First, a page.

BE FAST: Stroke Awareness Month Emphasizes Stroke Recognition Guidelines
To recognize a stroke and get immediate treatment that can halt the disabling effects, BE FAST.
To highlight National Stroke Awareness Month during the month of May, Community Memorial Health System is sharing the stroke recognition guidelines everyone needs to know. It’s critical to be able to tell right away when a friend or loved one might be having a stroke and get that person to the hospital immediately for treatment. Every minute is crucial for the best outcome.
“When you’re having a stroke, it’s not your final destiny,” said Stephanie Lara-Jenkins, RN, BA, CMHS Stroke Coordinator. “We have rescue treatments that can change or alter your outcome. There is hope now if you come to us fast.”
Stroke occurs when a blood vessel carrying oxygen and vital nutrients to the brain is either blocked by a clot or ruptures. When this happens, part of the brain is deprived of blood and oxygen, destroying millions of valuable nerve cells within minutes. This can cause temporary or permanent brain damage, or death. Medical professionals today are seeing younger and younger stroke victims. Strokes are also more common in women than in men.
The new guidelines for stroke recognition will help you know what to do if you, a friend, or loved one is having a stroke. Just remember: BE FAST. BE FAST is an acronym to help you quickly recognize common signs of a stroke.
If you know someone who is at risk for a stroke, write down the BE FAST tips and and find a convenient place to save them. Familiarize yourself with the signs and symptoms of stroke, and share your knowledge with friends and loved ones!
BALANCE: Is there a sudden loss of balance or coordination?
EYES: Is there sudden blurred or double vision, or sudden, persistent vision trouble?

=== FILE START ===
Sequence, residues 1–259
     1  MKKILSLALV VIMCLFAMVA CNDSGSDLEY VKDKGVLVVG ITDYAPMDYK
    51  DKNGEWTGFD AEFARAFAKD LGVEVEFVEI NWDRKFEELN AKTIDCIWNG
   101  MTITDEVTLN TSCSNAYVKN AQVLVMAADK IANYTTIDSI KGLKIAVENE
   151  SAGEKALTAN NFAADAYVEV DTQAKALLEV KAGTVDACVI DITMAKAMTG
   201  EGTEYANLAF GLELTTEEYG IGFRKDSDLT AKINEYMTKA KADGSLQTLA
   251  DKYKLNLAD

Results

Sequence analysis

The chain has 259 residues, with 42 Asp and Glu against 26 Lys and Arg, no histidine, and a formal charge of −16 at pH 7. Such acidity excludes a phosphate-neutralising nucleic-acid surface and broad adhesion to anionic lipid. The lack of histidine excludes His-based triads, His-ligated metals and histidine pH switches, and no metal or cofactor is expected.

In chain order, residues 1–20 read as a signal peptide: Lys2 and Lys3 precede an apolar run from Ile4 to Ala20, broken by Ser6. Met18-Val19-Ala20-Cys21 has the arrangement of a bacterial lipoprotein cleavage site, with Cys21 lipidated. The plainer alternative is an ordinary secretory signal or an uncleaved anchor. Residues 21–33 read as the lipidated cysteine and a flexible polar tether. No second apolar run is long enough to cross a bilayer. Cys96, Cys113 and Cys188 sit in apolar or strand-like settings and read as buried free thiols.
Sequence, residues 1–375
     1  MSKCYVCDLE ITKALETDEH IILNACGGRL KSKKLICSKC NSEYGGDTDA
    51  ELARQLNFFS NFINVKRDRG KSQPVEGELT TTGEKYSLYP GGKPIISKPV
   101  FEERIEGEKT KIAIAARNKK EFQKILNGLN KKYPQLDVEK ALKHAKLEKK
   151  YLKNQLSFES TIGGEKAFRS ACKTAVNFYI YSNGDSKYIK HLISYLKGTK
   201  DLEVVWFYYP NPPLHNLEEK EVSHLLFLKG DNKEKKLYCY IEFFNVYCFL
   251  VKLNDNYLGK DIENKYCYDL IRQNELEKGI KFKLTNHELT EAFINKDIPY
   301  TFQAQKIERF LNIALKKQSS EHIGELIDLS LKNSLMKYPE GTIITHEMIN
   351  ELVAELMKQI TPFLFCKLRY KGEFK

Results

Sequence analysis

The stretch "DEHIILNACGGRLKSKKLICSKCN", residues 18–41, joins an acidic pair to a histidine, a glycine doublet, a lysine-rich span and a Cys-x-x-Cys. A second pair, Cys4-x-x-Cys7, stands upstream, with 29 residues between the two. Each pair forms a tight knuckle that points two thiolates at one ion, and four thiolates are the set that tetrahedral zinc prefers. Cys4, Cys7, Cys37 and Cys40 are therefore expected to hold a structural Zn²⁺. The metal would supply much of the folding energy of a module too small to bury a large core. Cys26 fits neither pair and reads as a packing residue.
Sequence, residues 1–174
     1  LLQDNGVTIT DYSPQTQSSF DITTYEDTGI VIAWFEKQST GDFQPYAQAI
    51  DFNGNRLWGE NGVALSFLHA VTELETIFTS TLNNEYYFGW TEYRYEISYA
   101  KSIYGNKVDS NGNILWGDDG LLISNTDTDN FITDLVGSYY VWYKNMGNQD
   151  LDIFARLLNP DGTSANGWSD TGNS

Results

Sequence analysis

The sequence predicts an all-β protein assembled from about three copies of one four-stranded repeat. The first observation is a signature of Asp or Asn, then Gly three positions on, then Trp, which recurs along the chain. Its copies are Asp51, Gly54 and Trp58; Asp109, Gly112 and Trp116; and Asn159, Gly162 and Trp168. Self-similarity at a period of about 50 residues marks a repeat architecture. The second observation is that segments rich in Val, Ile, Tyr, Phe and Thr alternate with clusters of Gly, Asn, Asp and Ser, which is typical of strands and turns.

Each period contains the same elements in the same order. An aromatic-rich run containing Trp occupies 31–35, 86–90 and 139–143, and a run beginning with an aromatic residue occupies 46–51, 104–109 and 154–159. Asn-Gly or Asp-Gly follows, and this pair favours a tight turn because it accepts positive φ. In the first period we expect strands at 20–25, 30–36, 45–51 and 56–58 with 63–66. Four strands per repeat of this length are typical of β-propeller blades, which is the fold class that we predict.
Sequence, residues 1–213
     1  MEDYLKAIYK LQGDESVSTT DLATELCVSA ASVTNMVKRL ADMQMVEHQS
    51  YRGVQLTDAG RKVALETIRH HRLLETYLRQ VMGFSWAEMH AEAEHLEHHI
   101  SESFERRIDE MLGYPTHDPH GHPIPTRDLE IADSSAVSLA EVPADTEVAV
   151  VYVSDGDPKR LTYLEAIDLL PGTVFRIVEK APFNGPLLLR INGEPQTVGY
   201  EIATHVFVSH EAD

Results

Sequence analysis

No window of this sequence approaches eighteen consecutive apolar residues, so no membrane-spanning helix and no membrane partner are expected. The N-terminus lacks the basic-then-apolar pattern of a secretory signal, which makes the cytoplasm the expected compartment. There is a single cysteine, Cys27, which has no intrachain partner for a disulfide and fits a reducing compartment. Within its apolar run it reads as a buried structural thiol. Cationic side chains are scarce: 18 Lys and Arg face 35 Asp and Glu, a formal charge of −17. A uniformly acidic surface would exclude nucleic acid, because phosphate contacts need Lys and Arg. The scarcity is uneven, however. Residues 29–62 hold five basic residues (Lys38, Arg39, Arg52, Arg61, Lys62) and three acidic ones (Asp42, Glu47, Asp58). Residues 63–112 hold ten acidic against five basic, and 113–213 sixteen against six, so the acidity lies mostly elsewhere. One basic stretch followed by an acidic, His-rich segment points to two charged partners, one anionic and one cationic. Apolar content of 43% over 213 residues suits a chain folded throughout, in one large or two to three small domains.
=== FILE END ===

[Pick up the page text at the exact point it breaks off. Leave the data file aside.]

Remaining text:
FACE: Is one or both sides of the person’s face drooping or numb? Ask the person to smile. Is their smile uneven or lopsided?
ARMS: Ask the person to raise both arms. Does one side drift downward? Is there weakness or numbness on one side?
SPEECH: Does the person have slurred or garbled speech? Are they hard to understand? Can they repeat simple phrases?
TIME: If the person experiences the sudden onset of any of these symptoms, call 911 for immediate medical attention. Getting the person to the hospital as quickly and as safely as possible is crucial so treatment to possibly stop the stroke in progress and hopefully reduce disability can begin right away.
“Community Memorial Hospital considers a stroke to be a cerebral vascular emergency in need of quick rescue efforts and can treat stroke patients with IV medication that dissolves clots up to 4.5 hours after the onset of symptoms,” said Lara-Jenkins. “After that period of time and up to 24 hours post symptoms, a stroke patient might be a candidate for surgical intervention to pull the clot our of the brain using a catheter, but only for certain kinds of strokes.” This is why it’s so important to BE FAST!
For more information on stroke prevention, recognition, and intervention, visit the American Stroke Association.